是的,就创造虚假的记忆而言,催眠是一个很好的工具,这是有大量科学研究根据的。您可能会在催眠过程中“回忆”一些比真实感觉更真实的东西,但是那不是真实的……您可以在以下视频中观看更多:为什么您的记忆不能被相信 (需要的话,你可以点选中文字幕自动翻译):


但这并不意味着催眠治疗师或心理治疗师将无济于事。 我实行循证催眠疗法,我可以使用催眠治疗来帮助您学习接纳这个人或记忆或婚外情等作为您“人生历史”的一部分,让它对您的影响变小,学会与之共处并继续前进,而不会干扰您的日常生活。 我也可以使用催眠来促进适当的总结这段关系,告别这段关系和记忆。 试想想,如果它不再对您的生活造成多少影响,对您来说仍然是一个问题吗?

I want to forget someone

As a hypnotherapist (to be exact, cognitive behavioural hypnotherapist, or Hypno-CBT therapist), I get clients with this sort of goal every now and then. Usually they want to forget a specific someone, a relationship, totally get rid of a piece of memory (again usually to do with a specific person).

Naturally our rational mind would tell us this is actually not possible, based on science and what we already know about human mind, right? Yet when it comes to hypnosis and hypnotherapy, people generally “lost their senses”, everything that seems impossible elsewhere, seems possible when it comes to hypnosis.

This is right and wrong at the same time. Indeed we can achieve great things with hypnosis, we live more confidently, we become more assertive, we are happier, we confront our greatest fear, we live more according to value, we quit smoking and bad habits, we enjoy life better, we reach our fullest potential, we handle crisis and stress better, we can manage pain that we couldn’t bear before, we … forget someone?

I often explain to them, we can achieve a lot of things with hypnosis when we believe we can. Indeed the power of the mind is great. But this goal being the only exception. Unfortunately our mind and memories don’t work the way we want it to be. They are not like folders on your shelves that are stored individually, and can be accessed and discarded separately without affecting each other (just like what you saw in the animation Inside Out!).

In “Inside Out”, memories are stored individually as if documents on the shelves.

Our mind, body, emotions, feelings, behavour and thoughts are all interconnected, and so are our memories. Each time you take out the memory of “first day in school”, you changed some part of it (depending on the mood and condition you are in when you think about it etc), and you strengthen some related links connected to it and weaken some other.

Imagine if you want to forget this boyfriend or an affair or a lost child, and I’m able to take it away just like that, what about other memories and people and events connected to it? What is going to fill up the emptiness of these years? Perhaps I can make up something there…?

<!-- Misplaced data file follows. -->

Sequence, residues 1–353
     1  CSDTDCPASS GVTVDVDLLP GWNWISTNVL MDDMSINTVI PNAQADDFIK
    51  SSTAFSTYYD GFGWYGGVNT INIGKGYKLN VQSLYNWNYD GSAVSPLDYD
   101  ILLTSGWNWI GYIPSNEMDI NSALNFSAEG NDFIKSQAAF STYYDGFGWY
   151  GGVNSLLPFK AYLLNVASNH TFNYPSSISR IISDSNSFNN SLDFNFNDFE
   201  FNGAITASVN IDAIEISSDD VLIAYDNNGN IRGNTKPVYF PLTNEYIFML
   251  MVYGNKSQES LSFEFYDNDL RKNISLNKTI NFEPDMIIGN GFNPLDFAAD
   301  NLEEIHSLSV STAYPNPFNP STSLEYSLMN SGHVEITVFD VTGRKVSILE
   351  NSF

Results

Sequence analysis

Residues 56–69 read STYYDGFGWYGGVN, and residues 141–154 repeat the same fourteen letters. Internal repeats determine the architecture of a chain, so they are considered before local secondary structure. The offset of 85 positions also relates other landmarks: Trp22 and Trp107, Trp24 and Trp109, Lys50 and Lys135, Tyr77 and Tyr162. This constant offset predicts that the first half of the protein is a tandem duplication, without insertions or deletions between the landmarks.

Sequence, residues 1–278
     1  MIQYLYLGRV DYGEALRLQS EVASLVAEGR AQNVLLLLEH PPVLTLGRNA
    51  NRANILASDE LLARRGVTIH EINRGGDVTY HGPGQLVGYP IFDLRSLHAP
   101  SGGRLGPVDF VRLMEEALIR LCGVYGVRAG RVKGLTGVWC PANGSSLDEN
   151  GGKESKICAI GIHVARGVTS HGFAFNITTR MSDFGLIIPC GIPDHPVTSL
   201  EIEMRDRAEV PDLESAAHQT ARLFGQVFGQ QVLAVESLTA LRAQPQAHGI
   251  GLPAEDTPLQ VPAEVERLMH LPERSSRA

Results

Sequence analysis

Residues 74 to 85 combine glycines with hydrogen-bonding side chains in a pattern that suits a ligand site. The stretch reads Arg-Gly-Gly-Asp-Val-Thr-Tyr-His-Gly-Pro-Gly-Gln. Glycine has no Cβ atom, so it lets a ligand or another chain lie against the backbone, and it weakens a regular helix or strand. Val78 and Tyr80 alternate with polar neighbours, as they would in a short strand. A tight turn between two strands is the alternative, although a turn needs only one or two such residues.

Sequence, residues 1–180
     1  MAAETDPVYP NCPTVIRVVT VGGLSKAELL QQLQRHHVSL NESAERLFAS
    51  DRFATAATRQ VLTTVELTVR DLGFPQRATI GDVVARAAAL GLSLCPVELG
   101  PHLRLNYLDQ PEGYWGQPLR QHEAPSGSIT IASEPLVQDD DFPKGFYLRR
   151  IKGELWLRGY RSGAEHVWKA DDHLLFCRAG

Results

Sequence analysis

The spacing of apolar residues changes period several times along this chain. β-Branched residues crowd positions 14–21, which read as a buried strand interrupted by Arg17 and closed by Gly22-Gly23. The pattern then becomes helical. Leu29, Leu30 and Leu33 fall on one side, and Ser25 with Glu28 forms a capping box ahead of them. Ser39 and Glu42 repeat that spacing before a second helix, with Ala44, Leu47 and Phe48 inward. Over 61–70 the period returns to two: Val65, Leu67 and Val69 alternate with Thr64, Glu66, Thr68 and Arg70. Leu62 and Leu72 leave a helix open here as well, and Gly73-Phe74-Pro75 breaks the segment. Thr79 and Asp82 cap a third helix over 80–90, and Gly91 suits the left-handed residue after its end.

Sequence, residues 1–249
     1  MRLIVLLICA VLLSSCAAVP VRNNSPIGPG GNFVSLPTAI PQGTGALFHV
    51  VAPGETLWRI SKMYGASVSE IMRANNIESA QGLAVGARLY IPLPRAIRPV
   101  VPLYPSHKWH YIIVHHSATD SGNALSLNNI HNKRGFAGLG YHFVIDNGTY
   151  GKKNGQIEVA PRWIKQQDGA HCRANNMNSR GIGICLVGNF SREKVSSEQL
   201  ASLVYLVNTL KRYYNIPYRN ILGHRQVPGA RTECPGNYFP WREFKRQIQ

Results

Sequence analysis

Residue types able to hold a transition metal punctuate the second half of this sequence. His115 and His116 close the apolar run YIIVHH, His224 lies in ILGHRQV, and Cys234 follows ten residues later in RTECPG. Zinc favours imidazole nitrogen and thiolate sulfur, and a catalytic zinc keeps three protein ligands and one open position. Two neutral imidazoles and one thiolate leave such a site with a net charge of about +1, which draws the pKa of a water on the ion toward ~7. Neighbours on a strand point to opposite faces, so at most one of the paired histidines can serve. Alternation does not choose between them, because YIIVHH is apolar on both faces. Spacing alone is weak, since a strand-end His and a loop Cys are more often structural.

Yes, hypnosis is a great tool in terms of creating false memories. There have been plenty of research showing that. You might “recall” something during hypnosis which feel more real than what’s real, but it just isn’t real… You can watch more about it here in this clip: Why your memories can’t be trusted-

So right, we can’t remove the memories, and it’s unethical for us to create false memories to replace them (after all hypnotherapists are not god, who are we to decide your life stories and simply change it? But undeniably there are some hypnotherapy approach that do that, and we shall discuss this perhaps next time).

Yet it doesn’t mean we can’t help. I practice evidence-based hypnotherapy, I can use hypnosis to help you learn to accept this person or memory or relationship as part of your history, let it affect you less, learn to live with it and move on without having it interfering your life. I can also use hypnosis to facilitate proper closure and goodbye for the relationship and memory too. So, is it still a problem for you if it no longer has so much an impact in your life?






“可是你看,這麼巧先發病的國家是他們,但….,有可能咩? ” 或者 “這麼巧出現第三波,然後國家進入緊急狀態,所以…,好像很奇怪喔!”




想想也是不難解釋的… 只是很多時候這些陰謀論的信徒,卻很篤定自己就是因為“批判性思考”才會相信陰謀論… 你覺得呢?


在中国做培训的时候,发现学生蛮常喜欢问关于“创伤” (trauma) 相关的问题。过去几十年,创伤是心理学里一个很“夯”的课题,许多抑郁、焦虑、人格障碍 (personality disorder) 等心理与精神疾病,都会被与创伤事故做联想,并以此角度去谘商与治疗--这其实没有太大问题(虽然在认知行为的角度,我们更多去关注“维持因素”,而不是问题的起因)。可是随着心理知识通过网络、自助书籍等的普及化,现在连一个7、8岁的孩子,到没有受过高等教育的70、80岁的长者,都会开始说自己“受到了创伤“。换句话说,“创伤”这个词,开始被“滥用”,不适当的应用。这就有些类似好多年前开始,“忧郁”被滥用一样,后来“我有点强迫”也开始被普及化,然后现在,“创伤”也是。

当然对我来说,心理知识,尤其有科学依据的心理学知识的普及化,一点问题也没有,它增加了社会对患有心理相关问题的意识、的关注,并能让人们提前寻求帮助,以及减少偏见和歧视等,这并没有问题。问题在于,传统上,弗洛伊德派系(Freudian) 的理论,相信人们的大脑在经历重大创伤事故时,会启动防御机制(defense mechanism),比如抑制(repression),把不合理的信念、痛苦的记忆等,在你无意识、不自觉的情况下隐藏它们,以期完全忘记它们。


我想不少心理学家都会异口同声说:“当然存在!” 以前的我也是。可是这里,我想提出几个“疑点”,让把它看成理所当然存在的人,稍微的再考虑一下下…

(一)以过去许多经历较为重大事故(如:战争、被性侵强奸、地震、911事件、恐怖袭击、攫夺等)的人过后出现闪回(flashback)、失眠等症状而被诊断为创伤后应激障碍(Post traumatic stress disorder, PTSD),这些事故其实被更强烈的记住,并不断在脑海里“重播”,所以才会导致情绪激动、焦虑等症状。这似乎显示:经历创伤事故的人,是会更强烈的记得这些事故,而不是忘却它、压抑它?


(三)与(二)相关,婴儿遗忘症(infantile amnesia),显然也不是“被压抑的创伤记忆”。因为在我们未懂事以前,几乎所有经历都没有被编码 (encode) 进入我们的长期记忆 (long-term memory),那就没有所谓的无意识压抑了。虽然其实近几年有些研究似乎发现,学语言以前长期记忆的编码方式,与逐渐掌握语言后的编码方式不同,而导致我们在学会语言后,无法“复取”(retrieve)旧有编码的记忆。